At the end of a low-key and lackluster campaign, Democratic Gov. Mark White and former Republican Gov. Bill Clements fended off challenges from lesser-known opponents Saturday, taking comfortable leads in the Texas gubernatorial primaries and setting up an expected grudge match for the state's top job.
Victories by both White and Clements would avert a June runoff election for the right to represent their parties in the November general election. Each candidate has to win at least 50% of the vote to avoid a runoff.
White defeated Clements, the only Texas Republican governor of this century, in the 1982 gubernatorial election.
Foes Hoped for Runoff
Clements, with 60% of the vote, scored an apparent easy victory over his two opponents, former U.S. Rep. Kent Hance, a one-time Democrat, and U.S. Rep. Tom Loeffler, who both said they had hoped to force the better-known former governor into a runoff.
White's major initial opposition came from Andrew Briscoe III of Dallas, a distant cousin of former Gov. Dolph Briscoe, who was one of five political unknowns battling for the Democratic nomination. In the early returns, Briscoe was polling 27% of the vote, but faded to 22% as more votes were counted.
The election had its tense moments for White, who held on to a slim 51% of the Democratic vote in the early returns, but increased his margin to 53% with 75% of the precincts reporting.
"It's a classic rematch," said Richard Murray, a University of Houston political science professor and well-known Texas pollster. "Here you've got two guys who have been governor going at it. It should make for a very interesting election.
'Fire in His Belly'
"These guys hate each other, especially Clements," he said. Murray said the former governor has had "a fire in his belly" since losing the 1982 election.
"It's going to be long, bitter and expensive," Murray said.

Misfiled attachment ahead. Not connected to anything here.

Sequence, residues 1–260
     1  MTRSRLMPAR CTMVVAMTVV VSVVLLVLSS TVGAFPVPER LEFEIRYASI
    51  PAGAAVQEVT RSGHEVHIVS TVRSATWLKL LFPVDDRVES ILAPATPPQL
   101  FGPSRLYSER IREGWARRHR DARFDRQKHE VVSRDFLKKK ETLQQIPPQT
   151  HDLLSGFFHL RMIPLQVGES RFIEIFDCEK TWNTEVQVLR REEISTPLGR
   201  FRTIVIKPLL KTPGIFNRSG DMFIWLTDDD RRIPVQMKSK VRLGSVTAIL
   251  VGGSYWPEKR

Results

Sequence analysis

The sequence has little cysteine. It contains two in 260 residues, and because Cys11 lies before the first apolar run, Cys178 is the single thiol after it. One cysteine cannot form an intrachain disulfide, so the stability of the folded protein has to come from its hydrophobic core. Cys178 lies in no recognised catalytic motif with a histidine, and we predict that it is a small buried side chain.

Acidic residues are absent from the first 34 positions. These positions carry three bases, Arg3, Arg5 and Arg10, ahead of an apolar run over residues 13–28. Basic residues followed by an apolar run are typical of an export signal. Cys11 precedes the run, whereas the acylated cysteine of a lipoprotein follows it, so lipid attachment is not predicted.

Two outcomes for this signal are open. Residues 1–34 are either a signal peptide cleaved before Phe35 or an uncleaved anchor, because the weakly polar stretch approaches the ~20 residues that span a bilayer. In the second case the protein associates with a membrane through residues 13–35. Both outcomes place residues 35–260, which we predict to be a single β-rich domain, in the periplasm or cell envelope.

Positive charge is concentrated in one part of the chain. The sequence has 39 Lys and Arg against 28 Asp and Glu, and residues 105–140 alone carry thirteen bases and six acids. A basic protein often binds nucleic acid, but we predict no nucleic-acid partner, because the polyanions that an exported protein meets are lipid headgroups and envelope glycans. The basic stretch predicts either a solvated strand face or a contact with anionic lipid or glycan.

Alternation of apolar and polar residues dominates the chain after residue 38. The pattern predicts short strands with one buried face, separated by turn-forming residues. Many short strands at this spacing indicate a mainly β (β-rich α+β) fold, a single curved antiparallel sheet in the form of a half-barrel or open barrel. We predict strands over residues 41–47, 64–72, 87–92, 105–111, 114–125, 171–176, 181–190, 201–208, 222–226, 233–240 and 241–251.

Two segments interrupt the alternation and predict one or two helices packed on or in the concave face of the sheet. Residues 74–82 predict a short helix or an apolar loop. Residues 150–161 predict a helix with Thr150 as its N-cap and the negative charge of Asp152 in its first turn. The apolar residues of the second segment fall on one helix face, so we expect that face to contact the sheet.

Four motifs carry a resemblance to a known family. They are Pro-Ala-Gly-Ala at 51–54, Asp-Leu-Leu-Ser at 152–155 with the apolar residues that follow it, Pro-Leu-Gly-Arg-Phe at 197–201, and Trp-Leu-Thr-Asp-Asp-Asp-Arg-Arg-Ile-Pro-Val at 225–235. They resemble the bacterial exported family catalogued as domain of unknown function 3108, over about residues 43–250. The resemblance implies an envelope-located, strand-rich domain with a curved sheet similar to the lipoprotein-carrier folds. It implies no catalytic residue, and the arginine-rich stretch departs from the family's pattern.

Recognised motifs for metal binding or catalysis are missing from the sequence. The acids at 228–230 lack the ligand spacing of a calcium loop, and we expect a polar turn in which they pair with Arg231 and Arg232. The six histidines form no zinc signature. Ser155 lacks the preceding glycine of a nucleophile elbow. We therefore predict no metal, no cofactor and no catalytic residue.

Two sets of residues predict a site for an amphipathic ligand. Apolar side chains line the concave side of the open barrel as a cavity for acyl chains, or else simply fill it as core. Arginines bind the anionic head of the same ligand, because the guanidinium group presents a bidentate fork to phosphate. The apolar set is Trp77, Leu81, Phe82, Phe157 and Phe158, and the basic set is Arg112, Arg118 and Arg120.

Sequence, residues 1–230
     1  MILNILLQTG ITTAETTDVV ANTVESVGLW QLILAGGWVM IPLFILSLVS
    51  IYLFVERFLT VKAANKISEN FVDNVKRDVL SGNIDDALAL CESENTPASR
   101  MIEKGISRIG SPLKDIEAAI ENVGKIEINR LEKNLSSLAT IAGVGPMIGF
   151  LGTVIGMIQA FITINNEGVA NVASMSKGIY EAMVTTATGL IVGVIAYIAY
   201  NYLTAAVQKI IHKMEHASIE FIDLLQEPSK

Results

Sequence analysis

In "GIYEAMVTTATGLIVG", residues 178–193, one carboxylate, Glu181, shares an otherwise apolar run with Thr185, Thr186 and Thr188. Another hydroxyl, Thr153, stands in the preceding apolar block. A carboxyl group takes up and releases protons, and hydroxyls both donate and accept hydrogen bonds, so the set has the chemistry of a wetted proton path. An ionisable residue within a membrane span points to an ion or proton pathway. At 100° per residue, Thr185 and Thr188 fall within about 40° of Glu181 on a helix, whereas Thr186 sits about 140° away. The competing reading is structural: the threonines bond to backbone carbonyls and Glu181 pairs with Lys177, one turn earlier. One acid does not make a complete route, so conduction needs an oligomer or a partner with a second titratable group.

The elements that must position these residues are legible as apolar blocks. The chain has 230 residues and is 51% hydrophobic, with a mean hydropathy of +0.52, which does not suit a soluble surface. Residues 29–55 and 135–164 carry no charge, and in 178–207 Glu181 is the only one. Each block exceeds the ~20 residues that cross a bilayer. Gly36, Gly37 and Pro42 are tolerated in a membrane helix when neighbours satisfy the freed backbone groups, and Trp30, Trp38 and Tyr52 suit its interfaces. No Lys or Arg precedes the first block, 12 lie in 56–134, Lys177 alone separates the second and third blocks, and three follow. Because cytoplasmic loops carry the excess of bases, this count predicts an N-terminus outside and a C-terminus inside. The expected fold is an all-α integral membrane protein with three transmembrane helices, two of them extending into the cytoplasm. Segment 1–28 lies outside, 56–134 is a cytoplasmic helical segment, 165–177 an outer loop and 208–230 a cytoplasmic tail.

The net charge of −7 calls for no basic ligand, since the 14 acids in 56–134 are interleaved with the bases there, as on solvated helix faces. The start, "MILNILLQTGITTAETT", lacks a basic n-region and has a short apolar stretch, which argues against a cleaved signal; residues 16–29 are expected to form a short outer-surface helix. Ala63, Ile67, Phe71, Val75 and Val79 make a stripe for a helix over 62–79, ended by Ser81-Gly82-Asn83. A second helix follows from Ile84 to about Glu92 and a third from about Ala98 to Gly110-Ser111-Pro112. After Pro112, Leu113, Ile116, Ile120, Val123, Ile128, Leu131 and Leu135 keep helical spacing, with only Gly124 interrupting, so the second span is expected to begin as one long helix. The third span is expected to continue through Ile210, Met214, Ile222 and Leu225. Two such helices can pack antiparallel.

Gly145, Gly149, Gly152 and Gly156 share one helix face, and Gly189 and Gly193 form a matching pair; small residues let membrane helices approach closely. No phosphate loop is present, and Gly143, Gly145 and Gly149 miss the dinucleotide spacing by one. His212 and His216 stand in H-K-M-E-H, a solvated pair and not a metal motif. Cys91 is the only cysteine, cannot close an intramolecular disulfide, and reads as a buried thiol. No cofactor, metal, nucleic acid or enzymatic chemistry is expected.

The economic lethargy facing Texas, along with the rest of the oil patch, is almost certain to be a major campaign issue in the coming months, with White attempting to blame the state's financial woes on the Reagan Administration. Clements, in turn, is expected to try to lay the state's problems, including a $1.3-billion deficit, on White.
The Texas primary attracted little voter interest. Texas Secretary of State Myra McDaniel predicted that less than a quarter of the state's registered voters would go to the polls.
During the primary campaign, White was attacked by his opponents for his lack of leadership and as a man who broke his promises by raising taxes and failing to take charge of the state's oil crisis. White responded that he was one of the prime sponsors of Texas' sweeping education reforms and that he had been instrumental in working to solve the state's water problems.
Clements' opponents attacked the 68-year-old millionaire as too old and also attempted to paint him as a loser who already had been handed a defeat once before at White's hands.
Clements declared victory three hours after the polls closed Saturday night, followed shortly by White.
"I think what we have is an endorsement from the Democratic Party and the people of Texas by a more than 2 to 1 margin," White said in Austin.
LaRouche Races Watched
After the success of candidates supporting Lyndon H. LaRouche Jr. in Illinois, his followers were watched closely in the Texas primary. Only one candidate, Noel Cowling, ran for statewide office, that of agriculture commissioner. But in the early going, he was being soundly defeated by the incumbent, Jim Hightower.
Two LaRouche candidates were running unopposed in the Democratic primary for congressional seats, but they were in Republican strongholds where Democrats said their chances of winning were almost impossible.
Besides Briscoe, White's opponents were Don Crowder of Dallas, Sheila Bilyeu of Corpus Christi, Bobby Locke of San Antonio and Ron Slover of Amarillo.